Oktoberfest is not only the world’s largest beer festival, but the largest festival in the world attracting more than 5 million people each year from all over the world. Having recently moved to Munich (just in time for Oktoberfest) I was curious to learn more about the history of Oktoberfest and headed straight to the Bier and Oktoberfest Museum.
The Bier and Oktoberfest Museum is housed in Munich’s oldest residential building dating back to 1327. It is a multi-story hodge-podge of a building with low ceilings, rickety stairs and wooden beams, in other words a fascinating building, but not one where I would want to live.
The character building itself was the highlight of the Bier and Oktoberfest Museum for me!
At the Bier and Oktoberfest Museum visitors will learn that the history of beer, dating back to its origins in Egypt through to the present monastery breweries (yep that’s right, monks who brew beer!). Tours to monasteries that brew beer can easily be reached through Germany Car Hire. Unfortunately many of the signs are in German and not being patient enough to take the time to read each sign, I only got the high level information.
Visitors to the Bier and Oktoberfest Museum will also learn about the history of Oktoberfest and how it all got started 201 years ago. On October 12, 1810 the citizens of Munich were invited to attend the wedding festivities of the Bavarian Crown Prince Louis (who later became King Louis I of Bavaria) to Princess Therese von Sachsen-Hildburghuasen. The festivities took place in a field in front of the city gates and were called ” Theresienwiese (Therese’s field in English) in the princesses’ honor. Today the field is simply referred as the “Wies’n” (the field in English).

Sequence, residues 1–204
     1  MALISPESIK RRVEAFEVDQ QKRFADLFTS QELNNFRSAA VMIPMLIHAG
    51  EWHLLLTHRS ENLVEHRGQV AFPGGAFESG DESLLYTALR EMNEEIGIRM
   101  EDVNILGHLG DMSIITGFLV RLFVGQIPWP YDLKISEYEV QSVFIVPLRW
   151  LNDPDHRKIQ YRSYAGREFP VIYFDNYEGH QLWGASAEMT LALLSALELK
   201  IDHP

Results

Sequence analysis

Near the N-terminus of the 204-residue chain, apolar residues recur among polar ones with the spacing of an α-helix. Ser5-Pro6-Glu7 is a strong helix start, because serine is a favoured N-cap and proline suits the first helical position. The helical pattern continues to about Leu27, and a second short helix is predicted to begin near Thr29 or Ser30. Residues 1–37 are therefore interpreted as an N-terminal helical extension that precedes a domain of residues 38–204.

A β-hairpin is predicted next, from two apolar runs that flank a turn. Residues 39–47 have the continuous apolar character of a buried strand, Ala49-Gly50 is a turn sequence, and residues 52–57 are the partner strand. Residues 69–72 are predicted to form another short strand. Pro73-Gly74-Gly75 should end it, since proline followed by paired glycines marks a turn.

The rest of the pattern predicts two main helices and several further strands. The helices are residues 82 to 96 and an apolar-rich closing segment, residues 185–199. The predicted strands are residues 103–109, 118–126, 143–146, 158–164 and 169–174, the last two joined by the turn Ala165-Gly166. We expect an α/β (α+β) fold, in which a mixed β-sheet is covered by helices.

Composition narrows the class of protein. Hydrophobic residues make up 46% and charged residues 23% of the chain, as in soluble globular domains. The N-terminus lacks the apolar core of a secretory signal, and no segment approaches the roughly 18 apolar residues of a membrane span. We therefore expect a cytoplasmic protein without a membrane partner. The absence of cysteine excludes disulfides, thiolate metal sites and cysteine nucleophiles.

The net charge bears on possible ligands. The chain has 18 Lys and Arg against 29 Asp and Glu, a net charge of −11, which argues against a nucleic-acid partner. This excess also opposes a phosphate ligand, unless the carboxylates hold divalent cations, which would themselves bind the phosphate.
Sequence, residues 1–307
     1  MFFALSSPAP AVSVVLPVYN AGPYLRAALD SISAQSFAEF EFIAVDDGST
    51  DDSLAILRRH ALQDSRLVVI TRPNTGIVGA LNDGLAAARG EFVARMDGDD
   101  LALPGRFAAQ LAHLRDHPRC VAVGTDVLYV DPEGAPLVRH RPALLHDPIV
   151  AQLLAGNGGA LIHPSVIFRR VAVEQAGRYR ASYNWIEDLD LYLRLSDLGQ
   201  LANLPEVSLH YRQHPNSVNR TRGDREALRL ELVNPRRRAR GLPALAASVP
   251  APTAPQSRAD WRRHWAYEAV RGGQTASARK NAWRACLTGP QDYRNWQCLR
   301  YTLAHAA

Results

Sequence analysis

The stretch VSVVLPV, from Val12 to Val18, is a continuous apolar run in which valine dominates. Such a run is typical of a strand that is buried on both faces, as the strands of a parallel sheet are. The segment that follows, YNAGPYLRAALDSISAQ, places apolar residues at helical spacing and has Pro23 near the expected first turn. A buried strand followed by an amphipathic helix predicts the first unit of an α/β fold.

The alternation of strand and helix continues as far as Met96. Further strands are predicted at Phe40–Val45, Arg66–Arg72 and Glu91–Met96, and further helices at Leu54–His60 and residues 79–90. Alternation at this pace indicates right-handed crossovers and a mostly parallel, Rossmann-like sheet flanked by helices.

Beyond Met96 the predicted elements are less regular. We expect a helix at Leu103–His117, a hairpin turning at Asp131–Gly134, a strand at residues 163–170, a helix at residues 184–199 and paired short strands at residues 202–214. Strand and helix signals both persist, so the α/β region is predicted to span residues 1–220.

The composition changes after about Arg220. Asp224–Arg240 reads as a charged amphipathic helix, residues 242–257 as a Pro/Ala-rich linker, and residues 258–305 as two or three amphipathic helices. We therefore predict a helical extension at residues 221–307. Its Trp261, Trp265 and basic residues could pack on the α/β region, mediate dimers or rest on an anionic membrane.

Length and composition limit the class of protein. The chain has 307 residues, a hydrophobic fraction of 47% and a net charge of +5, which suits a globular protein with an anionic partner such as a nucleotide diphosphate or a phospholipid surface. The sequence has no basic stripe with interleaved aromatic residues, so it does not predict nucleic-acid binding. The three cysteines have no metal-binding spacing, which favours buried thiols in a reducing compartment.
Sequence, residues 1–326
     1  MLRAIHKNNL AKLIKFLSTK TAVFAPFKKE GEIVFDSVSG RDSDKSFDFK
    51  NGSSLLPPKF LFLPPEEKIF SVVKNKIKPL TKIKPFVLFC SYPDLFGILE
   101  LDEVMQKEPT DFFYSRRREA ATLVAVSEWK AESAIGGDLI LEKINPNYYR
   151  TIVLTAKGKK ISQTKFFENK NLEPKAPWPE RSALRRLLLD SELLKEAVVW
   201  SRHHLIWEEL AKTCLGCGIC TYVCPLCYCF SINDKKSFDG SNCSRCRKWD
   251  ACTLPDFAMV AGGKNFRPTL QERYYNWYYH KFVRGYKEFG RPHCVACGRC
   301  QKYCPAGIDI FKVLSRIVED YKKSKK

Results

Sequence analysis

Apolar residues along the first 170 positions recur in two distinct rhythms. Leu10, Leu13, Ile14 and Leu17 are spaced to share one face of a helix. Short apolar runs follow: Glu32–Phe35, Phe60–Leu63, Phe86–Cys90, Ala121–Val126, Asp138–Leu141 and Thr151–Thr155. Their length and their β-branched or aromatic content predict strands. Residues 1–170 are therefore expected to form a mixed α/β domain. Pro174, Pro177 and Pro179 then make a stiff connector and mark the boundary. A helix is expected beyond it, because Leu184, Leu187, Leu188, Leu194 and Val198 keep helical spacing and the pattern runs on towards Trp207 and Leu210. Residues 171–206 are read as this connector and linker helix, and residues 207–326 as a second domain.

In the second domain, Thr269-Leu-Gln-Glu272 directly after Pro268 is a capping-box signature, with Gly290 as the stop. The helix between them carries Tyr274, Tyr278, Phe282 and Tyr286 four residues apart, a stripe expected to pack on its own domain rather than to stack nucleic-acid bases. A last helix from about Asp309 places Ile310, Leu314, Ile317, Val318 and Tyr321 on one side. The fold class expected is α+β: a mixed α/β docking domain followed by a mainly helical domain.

When someone says “Welcome to the Wies’n” they’re simply welcoming you to Oktoberfest!
It must have been some party, since it was decided to host the event on an annual basis. Each year the festival grew. The next year an agricultural festival was added and which is still held once every four years at Oktoberfest. Six years later a carnival was added, which remains a key element of Oktoberfest today and are one of the reasons that there’s More Than Just Beer at German Beer Festivals. Over the course of the years the length of Oktoberfest was extended and now runs from late September all the way through to October 3rd, which is German Unity Day.
Over its 201 year history Oktoberfest has been canceled 24 times due to war, disease or other reasons.
The Bier and Oktoberfest Museum features many photos, pictures and relics from Oktoberfest’s history showing visitors the transformation of what started off as a wedding celebration into an annual event still going over 200 years later. I enjoyed looking at the photos, but with most of the signs only in German, I think think I would have gotten more out of it had I signed up for one the tours which can be organized if you have 8+ people. Visitors on TripAdvisor have rated the Bier and Oktoberfest Museum 41/2 stars, but I would probably give it a 3, although I’m glad I visited it and felt it was worth my time. Having said that the €4 admission fee was reasonable and had I done the beer sampling that was available (unfortunately I’m allergic to beer) I’m sure that would have easily brought up my rating.
Would you go to the Bier and Oktoberfest Museum?
Know Before You Go to the Bier and Oktoberfest Museum:
- The Bier and Oktoberfest Museum is open Tue – Sat (closed on holidays) from 1:00 – 6:00pm
- It is located on Sterneckerstr. 2, just a 10 minute walk from Marienplatz.